All Four Corners


Artwork by Norman Rockwell

Composition is a big deal to me.  When I was in college, I had an eye opening class with who is now my favorite teacher of all time, Phil Perkis.  He looks a little like Albert Einstein, and could’ve been as far as I was concerned, in terms of all I learned from him.  He left me with one main “lesson”, which might sound really obvious, but it blew my mind at the time.  He taught us to look in all four corners of our frame before we pressed down on the shutter.  Everything in your photograph should have a purpose, a reason for being there…even down to the edges and corners.  When I was in his class I was shooting 6×6 square with a Hasselblad.  I learned to pay very close attention to my frame then, but I really really use this rule in my 4×5 shooting.  This is probably the case because you spend a little longer setting up a large format shot….looking through the loupe, making sure all the different focal planes are in focus (if you want them to be), and making sure everything fits beautifully on that ground glass.  

I recently revisited the work of one of my favorite painters, Norman Rockwell….yes, Norman Rockwell.  I realized that there is a Norman Rockwell website…again, a surprise, and there is a page of Norman quotes.  There were two I found to be extremely true and visionary:
  • Every single object shown in a picture should contribute directly to the central theme.”
  • “If a picture wasn’t going very well, I’d put a puppy in it.”

OK so I am a sucker for dogs…we all know that, but he is right on the first one for sure.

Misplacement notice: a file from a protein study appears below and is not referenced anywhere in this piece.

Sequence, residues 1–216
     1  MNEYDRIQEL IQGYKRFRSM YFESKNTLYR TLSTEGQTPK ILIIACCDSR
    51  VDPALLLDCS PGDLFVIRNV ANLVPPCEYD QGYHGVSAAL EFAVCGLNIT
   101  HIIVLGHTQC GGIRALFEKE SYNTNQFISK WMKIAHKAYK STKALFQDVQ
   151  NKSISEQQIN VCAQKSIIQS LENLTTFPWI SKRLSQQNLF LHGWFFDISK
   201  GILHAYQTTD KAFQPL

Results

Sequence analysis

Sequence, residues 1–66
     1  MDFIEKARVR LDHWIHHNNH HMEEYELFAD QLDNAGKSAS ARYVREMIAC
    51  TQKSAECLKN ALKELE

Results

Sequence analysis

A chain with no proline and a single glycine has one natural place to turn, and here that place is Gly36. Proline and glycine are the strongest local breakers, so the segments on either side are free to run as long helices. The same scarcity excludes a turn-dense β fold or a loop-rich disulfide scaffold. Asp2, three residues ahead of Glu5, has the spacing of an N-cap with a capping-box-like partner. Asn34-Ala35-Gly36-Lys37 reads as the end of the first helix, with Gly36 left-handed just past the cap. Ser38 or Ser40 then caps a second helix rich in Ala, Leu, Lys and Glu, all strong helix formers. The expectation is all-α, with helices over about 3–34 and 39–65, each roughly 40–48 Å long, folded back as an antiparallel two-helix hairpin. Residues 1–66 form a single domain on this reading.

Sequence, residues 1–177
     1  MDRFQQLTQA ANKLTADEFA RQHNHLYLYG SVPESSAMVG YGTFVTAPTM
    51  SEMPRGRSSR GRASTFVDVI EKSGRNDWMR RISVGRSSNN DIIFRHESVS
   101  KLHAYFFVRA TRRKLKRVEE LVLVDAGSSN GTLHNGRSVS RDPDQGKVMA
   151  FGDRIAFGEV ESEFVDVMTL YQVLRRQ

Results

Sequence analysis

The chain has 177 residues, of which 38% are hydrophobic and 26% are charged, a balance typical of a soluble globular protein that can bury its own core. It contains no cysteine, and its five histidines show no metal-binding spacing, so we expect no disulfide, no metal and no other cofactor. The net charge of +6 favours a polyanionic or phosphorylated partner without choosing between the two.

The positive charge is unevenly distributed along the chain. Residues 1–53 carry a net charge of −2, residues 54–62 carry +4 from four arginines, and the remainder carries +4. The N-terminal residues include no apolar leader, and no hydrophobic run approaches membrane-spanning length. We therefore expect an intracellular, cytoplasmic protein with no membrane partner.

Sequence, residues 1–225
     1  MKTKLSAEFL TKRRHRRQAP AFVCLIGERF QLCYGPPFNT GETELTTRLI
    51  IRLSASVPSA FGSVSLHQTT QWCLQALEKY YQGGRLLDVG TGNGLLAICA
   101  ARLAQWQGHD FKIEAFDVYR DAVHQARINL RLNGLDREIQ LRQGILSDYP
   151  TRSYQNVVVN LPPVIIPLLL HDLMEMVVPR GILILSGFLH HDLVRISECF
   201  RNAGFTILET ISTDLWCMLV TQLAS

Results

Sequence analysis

In similar but different news, Robert Wright has an excellent recent post that involves his interpretation of William Eggleston’s work and shooting methods.  I have mentioned my love for Eggleston before, and I’m sure most photographers working today would say that he has been an influence on them in some part.  He is pretty major for me.  Him and Irving Penn are probably the two main reasons I became a photographer.  I looooove how Robert Wright explains how he sees Eggleston’s work.  I agree with him whole heartedly, and haven’t really heard it worded so eloquently before.  I don’t know you Robert, but kudos.  This line is pretty epic.:  ”His “war with the obvious” was not about showing us the beauty of the ordinary, which is how I believe many people take it, his war was with “obvious” subjects.”  I like that the writing revolves around The Democratic Forest, which was the first Eggelston book I ever purchased.  It changed my life because it was obviously not a conventional project with a beginning, middle, and end.  It was a collection of photographs taken from one person’s perspective, and that is what held the work together.  It doesn’t need anything else, and I don’t believe that a group of pictures has to have a singular idea behind it to make it a legitimate “project”.  I don’t even really like that word – project.  It doesn’t lend itself to shooting freely.  It makes me feel like less of a photographer because I don’t set out to explore one specific thing.  I am exploring my eye, my life, and my love of taking pictures.  

To bring it all back home, one of the things I always loved about Eggleston was the detail in the composition.  The longer you look at a photo, the better it gets.  There is important information in there, but it’s not always about the first thing you see.  I know Eggelston worship is pretty overdone and tired, but there is a reason it has been played again and again.  

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